BUSINESS

Greece expects Elliniko deal on Tuesday, unlocking bailout funds

TAGS: Privatizations

Greece said it would sign papers setting up the sale and long-term lease of the old Athens airport of Elliniko on Tuesday, a sale demanded by international lenders before they unlock loans needed to pay off debt to the International Monetary Fund and the European Central Bank.

Greece clinched a 915-million-euro ($1 billion) deal for the site of the disused airport in 2014. Under the terms of that deal, a consortium led by Lamda Development, a Greek developer, would own part of the property and get a 99-year lease to develop all of it.

But divisions among local communities and technical hurdles delayed the sale. A migrant crisis since the beginning of last year has also impeded efforts to conclude the deal.

“We expect within the day the signing of a memorandum of understanding between the privatization agency and investors,” government spokeswoman Olga Gerovasili told a regular briefing, referring to prime seafront property at the Elliniko complex.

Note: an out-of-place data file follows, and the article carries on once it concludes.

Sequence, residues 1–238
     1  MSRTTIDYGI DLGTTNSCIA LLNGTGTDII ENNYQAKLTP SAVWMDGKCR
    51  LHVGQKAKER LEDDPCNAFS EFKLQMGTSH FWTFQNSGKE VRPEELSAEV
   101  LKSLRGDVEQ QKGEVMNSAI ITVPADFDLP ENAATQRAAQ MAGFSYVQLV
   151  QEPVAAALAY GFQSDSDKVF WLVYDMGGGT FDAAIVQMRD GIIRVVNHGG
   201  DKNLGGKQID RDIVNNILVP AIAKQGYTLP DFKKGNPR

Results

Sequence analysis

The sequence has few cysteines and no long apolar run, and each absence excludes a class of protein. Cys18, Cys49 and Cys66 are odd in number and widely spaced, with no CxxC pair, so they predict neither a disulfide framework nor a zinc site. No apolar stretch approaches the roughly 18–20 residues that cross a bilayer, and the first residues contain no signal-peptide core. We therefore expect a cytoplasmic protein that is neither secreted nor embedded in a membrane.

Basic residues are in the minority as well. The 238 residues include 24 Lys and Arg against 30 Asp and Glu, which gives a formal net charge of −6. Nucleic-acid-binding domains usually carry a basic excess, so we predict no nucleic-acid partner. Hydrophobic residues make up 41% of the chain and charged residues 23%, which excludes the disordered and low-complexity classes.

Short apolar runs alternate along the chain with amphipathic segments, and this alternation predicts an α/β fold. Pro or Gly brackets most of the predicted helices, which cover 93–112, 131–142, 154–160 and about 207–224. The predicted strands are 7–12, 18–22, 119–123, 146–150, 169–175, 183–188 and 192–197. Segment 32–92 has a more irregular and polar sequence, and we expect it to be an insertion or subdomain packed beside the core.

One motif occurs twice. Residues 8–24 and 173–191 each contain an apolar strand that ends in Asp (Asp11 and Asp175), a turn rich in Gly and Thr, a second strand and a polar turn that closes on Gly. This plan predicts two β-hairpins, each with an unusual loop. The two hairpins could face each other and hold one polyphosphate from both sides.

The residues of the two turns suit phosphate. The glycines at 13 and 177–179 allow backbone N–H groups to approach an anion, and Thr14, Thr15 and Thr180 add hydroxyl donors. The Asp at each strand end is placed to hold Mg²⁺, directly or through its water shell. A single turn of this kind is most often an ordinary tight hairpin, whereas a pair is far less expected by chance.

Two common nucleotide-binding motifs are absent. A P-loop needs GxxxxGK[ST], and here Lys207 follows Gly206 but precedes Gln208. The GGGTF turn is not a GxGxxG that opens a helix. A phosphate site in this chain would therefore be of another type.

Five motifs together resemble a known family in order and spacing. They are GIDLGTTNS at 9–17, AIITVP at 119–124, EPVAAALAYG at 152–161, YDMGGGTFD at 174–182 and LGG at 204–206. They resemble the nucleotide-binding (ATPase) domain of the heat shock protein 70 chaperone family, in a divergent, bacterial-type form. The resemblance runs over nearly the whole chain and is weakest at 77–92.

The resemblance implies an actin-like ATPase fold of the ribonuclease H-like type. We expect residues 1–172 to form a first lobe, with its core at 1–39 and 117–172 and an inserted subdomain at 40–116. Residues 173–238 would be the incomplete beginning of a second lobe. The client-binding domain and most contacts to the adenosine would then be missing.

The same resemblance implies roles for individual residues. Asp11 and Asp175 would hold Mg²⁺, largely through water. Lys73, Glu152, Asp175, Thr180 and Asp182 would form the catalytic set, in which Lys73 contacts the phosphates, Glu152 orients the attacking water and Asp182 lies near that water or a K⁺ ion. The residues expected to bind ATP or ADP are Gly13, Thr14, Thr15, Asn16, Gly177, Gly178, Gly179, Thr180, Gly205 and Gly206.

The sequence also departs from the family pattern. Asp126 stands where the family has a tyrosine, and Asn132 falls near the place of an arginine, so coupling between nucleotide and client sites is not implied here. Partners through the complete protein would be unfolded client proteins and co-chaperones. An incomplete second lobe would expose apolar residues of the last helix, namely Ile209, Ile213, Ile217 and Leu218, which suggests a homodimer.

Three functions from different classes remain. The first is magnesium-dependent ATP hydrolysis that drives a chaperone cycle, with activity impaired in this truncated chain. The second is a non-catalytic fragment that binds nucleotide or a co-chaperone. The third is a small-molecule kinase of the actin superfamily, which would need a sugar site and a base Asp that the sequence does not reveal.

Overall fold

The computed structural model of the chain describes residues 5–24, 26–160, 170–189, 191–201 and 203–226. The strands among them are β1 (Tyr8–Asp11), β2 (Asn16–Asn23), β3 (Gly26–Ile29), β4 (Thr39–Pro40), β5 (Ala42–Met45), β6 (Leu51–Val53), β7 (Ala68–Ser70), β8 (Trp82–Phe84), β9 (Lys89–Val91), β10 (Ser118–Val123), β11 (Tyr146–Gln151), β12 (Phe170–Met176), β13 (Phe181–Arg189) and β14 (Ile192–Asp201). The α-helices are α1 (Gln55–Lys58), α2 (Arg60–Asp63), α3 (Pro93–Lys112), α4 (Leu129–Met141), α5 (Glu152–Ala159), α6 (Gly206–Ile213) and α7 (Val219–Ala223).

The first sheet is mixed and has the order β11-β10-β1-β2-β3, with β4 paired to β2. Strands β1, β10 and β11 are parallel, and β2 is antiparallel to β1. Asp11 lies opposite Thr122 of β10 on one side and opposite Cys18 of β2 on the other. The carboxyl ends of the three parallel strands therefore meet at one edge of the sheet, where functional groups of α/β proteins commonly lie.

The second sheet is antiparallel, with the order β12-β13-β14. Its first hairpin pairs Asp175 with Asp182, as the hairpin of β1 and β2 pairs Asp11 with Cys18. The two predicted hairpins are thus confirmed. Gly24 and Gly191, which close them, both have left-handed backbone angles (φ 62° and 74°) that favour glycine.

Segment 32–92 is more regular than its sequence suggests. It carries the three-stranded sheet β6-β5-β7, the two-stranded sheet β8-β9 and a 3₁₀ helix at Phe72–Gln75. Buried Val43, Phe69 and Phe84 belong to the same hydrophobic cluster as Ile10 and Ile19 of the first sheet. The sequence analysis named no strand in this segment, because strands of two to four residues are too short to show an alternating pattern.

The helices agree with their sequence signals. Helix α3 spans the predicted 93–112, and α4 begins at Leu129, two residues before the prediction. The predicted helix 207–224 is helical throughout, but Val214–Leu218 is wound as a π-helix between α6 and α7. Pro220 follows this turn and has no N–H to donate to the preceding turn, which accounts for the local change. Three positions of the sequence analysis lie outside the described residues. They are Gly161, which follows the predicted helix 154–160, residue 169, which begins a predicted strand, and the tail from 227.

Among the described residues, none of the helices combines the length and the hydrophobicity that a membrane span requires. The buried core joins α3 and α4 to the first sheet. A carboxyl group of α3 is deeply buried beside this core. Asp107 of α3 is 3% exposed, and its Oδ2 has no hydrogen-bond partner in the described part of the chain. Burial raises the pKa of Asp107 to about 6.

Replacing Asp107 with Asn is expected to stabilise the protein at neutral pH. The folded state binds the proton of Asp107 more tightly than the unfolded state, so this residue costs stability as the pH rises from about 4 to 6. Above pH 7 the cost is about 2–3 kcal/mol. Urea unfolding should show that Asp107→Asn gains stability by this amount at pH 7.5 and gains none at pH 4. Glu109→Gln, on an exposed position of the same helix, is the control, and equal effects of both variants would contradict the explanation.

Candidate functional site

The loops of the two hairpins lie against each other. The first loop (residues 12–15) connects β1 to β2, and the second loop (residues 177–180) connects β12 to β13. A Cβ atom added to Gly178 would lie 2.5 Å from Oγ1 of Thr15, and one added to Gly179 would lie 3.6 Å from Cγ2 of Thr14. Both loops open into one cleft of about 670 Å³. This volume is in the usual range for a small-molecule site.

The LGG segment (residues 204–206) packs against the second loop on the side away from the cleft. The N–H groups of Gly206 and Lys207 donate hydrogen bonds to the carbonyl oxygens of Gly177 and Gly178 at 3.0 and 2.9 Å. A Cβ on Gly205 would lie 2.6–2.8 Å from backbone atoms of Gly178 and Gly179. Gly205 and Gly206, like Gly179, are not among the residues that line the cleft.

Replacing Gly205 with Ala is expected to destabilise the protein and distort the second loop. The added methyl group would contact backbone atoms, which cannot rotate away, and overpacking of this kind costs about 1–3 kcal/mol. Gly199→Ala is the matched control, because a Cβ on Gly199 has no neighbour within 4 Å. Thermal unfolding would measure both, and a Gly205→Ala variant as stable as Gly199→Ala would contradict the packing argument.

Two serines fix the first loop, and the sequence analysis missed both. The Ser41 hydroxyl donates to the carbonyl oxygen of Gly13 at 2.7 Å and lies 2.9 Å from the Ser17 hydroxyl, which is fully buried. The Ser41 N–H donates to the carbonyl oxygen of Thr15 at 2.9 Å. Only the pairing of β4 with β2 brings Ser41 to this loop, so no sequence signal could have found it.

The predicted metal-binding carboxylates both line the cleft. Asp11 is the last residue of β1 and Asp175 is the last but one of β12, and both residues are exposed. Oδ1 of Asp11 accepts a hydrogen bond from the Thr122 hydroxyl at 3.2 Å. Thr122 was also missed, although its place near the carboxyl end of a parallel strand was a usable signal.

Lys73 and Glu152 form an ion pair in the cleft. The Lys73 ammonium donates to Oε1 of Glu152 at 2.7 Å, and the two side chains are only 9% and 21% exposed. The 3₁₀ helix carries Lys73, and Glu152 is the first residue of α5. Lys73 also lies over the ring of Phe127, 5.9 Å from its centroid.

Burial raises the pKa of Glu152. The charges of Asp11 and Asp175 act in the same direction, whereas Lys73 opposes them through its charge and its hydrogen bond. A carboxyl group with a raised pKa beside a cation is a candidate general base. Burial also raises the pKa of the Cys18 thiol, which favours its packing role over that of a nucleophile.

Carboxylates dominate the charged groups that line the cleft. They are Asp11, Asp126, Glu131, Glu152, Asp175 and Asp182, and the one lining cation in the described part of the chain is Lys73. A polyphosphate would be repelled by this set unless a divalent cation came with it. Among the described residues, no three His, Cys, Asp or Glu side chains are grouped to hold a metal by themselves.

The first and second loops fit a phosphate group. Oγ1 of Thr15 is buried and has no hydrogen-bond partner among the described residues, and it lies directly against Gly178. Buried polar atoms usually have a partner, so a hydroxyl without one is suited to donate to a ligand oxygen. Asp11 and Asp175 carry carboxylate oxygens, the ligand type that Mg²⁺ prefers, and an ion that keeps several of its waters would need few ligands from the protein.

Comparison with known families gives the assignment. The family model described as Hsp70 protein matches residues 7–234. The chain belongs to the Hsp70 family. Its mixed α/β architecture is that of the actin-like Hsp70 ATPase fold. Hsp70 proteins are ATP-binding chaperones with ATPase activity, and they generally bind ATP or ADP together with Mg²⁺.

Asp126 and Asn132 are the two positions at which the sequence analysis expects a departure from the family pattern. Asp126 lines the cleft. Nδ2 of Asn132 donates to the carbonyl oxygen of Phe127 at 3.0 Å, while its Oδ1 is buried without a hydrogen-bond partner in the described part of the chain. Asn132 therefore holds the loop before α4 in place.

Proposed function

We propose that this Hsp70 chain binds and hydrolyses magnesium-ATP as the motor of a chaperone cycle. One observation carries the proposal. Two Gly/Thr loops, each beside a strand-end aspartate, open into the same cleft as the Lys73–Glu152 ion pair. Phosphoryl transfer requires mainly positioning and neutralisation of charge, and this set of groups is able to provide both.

The initial deal called for the Lamda-led consortium, which also included the Chinese diversified group Fosun, the Abu Dhabi-based real estate firm Al Maabar and other investors, to spend about 6 billion euros to turn the 445-acre property into a seaside town of hotels, residences and shops. About 50,000 jobs would be created over 10 years.

Greece should fulfill later this month another prerequisite for getting a sub-tranche of 7.5 billion euros in bailout loans, the transfer of a five percent stake in its telecoms operator OTE to the state privatization agency.

“There should be some actions on behalf of Deutsche Telekom, which are still pending,” Gerovasili said.

Deutsche Telekom owns a 40 percent stake in OTE and has a right of first refusal of any sale of a stake in the operator.

Gerovasili said the government had a November 16 deadline to conclude the Elliniko deal and that it would continue until then negotiations with investors to secure bigger and front-loaded investment.

[Reuters]

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